p.s. I've heard that the seventh circle stuff is cool, but in the archives, there are no good reviews or any real world tests. Have you checked those out?
     
  4. AudioGaff

    AudioGaff Well-Known Member

    The API can be aggressive and is when driven hard. I find it is often more on the hard, full and in your face kind of tone compared to others and is even fuller/ronder sounding in tone that a lot tube gear.

    I guess I would have to say that the GR NV is a more overall verstale choice, but think that API is sweeter and more prefered by me in most cases for synth's, keys, samplers, bass, drums. I would say the API is more sweeter/softer than the 2108.
     
  5. Kurt Foster

    Kurt Foster Distinguished Member

    Someone should mention that an API and a Neve (clone or not) are completely different animals ... API uses an op amp style topology as does the Rupert Neve designed Focusrite Red range, where the original "Neve" design type of the 1081/1073 type is a discreet transistor design. The Amek/Neve 9098 is also a transistor op amp (without transformers) design.
     
  6. Bhennies

    Bhennies Guest

    Kurt, I know you're a huge fan of the API's, but how do you think the amek 9098 2 channel pre would stack up in my application? The price is right, and if I'm lucky, I may be able to arrange a rental. Just moved to Baltimore over a month ago and the gear situation is a little bit different than NYC for sure .
     
  7. Kurt Foster

    Kurt Foster Distinguished Member

    The 9098 is a decent mic pre. It's better than the less expensive Sytek or Grace types and is (like them) a comparatively neutral type of mic pre (as you know not what I like). I own a pair of System 9098's and I use them a lot when tracking, both the pres and the EQs. ... The eq in the System 9098 is very good and is a saving grace of the system when tracking... but if I were searching out just mic pre, I would likely look beyond the 9098 pre towards a true vintage Neve design.
     
  8. Bhennies

    Bhennies Guest

    Hey Kurt, if the Great River is transformer based design as well, what do you recommend as a "true vintage Neve design"? Something like the seventh circle audio N72? Also, from what I've researched, the Great River MP2 mercenary edition is based on similar circuitry to the 1073, but with a different transformer based design? HOw would you compare the Great river to as you quoted "a true neve" vintage sound? That seems to be the front runner in my quest, that's why I'm asking.
     
  9. Kurt Foster

    Kurt Foster Distinguished Member

    Bhennies,
    I do not recommend any of the 1272 / NV72 type pres. AudioGaff likes them but I don't "get it" when it comes to these pres. They are fine, certainly better than a RNP or Sytek but not as good as a true Neve type. Think of them as a Neve "lite".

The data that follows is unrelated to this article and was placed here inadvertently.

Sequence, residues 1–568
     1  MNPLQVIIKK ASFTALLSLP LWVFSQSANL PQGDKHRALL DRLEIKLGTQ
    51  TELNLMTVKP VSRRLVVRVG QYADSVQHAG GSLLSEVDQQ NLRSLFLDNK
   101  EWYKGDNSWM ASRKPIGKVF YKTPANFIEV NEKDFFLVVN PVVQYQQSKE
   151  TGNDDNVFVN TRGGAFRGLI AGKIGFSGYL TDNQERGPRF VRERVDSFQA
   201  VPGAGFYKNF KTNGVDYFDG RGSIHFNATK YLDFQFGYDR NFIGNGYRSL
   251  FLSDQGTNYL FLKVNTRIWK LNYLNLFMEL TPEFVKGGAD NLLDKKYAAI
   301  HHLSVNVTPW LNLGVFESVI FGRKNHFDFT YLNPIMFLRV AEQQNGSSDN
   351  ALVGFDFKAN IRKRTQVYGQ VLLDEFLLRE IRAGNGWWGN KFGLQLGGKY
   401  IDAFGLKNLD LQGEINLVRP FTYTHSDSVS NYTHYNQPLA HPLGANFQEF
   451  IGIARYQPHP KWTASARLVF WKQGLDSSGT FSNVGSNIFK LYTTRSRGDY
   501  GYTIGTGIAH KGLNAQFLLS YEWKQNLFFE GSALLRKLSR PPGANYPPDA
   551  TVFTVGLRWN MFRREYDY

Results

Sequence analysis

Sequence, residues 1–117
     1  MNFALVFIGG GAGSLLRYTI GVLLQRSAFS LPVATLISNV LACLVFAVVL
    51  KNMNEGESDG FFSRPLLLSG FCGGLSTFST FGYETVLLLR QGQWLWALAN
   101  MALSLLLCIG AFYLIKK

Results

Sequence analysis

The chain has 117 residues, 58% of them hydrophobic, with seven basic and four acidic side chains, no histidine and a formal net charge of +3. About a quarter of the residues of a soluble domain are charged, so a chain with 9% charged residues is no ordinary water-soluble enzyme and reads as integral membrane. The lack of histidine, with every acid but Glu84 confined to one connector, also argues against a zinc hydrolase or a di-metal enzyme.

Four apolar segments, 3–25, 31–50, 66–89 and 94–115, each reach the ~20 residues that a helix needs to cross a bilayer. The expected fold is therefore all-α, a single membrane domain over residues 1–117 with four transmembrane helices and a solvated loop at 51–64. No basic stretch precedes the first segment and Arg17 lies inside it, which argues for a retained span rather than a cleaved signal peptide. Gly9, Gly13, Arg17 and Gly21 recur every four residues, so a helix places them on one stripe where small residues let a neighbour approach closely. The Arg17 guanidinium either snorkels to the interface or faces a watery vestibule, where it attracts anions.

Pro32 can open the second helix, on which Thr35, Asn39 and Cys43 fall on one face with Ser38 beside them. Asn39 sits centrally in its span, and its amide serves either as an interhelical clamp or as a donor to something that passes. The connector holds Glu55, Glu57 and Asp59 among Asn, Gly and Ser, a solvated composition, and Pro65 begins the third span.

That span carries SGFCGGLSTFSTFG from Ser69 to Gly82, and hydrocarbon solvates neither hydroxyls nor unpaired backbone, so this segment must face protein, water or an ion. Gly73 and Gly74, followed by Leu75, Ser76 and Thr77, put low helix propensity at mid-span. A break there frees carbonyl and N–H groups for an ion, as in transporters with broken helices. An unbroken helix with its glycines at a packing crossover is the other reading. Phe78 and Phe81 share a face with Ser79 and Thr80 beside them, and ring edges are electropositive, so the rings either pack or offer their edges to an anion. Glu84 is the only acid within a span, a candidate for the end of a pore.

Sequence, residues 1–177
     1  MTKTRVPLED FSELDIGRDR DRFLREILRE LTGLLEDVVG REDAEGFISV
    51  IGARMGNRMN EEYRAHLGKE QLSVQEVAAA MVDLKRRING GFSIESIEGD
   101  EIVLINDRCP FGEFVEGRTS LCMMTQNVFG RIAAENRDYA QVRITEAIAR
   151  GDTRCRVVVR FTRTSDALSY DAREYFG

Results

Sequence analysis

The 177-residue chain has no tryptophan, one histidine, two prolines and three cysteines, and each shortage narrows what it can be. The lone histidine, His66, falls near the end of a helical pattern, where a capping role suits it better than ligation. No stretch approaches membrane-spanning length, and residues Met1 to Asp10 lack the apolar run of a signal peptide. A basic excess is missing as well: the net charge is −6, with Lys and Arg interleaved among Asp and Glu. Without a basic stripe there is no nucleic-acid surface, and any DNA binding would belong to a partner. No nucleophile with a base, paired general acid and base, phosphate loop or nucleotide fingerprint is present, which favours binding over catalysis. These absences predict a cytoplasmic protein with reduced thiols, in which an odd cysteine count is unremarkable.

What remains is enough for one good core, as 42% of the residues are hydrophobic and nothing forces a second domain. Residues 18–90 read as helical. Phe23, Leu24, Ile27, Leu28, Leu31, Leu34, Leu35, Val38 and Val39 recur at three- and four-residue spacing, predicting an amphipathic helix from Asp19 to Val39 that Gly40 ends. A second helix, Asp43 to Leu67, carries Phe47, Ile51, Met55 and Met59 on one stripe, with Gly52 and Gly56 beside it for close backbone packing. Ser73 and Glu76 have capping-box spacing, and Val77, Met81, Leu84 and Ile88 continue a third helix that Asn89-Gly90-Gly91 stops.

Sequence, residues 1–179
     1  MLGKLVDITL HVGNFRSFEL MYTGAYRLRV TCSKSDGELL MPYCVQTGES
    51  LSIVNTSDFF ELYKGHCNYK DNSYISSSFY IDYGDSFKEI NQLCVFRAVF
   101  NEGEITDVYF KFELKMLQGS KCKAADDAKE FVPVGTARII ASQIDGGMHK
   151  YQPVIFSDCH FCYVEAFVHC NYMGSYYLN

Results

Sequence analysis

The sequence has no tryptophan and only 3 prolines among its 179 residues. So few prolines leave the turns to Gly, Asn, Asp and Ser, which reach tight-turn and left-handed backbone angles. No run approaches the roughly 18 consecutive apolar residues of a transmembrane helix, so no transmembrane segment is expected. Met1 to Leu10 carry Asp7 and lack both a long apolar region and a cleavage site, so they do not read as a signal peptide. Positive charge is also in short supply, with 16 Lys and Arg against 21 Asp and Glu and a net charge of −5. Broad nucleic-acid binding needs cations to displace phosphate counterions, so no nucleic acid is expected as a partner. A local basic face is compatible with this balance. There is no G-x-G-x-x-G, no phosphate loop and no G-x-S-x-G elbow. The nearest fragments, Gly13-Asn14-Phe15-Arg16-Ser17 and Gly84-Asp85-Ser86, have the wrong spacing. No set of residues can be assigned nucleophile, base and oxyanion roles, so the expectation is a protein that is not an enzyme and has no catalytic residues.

The difference between the N72's and real Neves is the N72's only employ 2 stages of amplification where the original designs had 3 stages. People who like the N72 based product say it sounds good to them and guys like me and Dan Kennedy (of Great River) think the 3rd stage makes a difference. To each his own ... The main thing about these "lite" pres is the N72 amp used in them was originally intended as a line driver for Neve consoles for summing buses and headphone amps ... Mr. Neve seems to think it's fine to use them in a pre amp configuration but it should be noted that it's not how he designed his pre amps. If this was really the way to go, I am sure he would have done it (I admit this is my assumption). The audio business is full of this kind of thing where different people are reticent to really level their criticisms at other prominent individuals or their products in the industry. It's like having a neighbor who does things you don't care for but you keep quiet because after all, you have to live next to them.

    Probably the closest "clone" things made to original Neve modules is the stuff from Vintech. They stay as close as possible to the original designs. Parts are sourced from original suppliers when possible. The X73 is a design that utilizes a circuit board thereby keeping the manufacturing cost down while staying true to the original circuit design. The X73 also has an equalizer section that is based on the eq from a 1081 module with some changes made to the hi and low freq sections. The mid sections are identical to the originals. The X81 is a all discreet point to point design based on the 1081 Neve pre module and eq.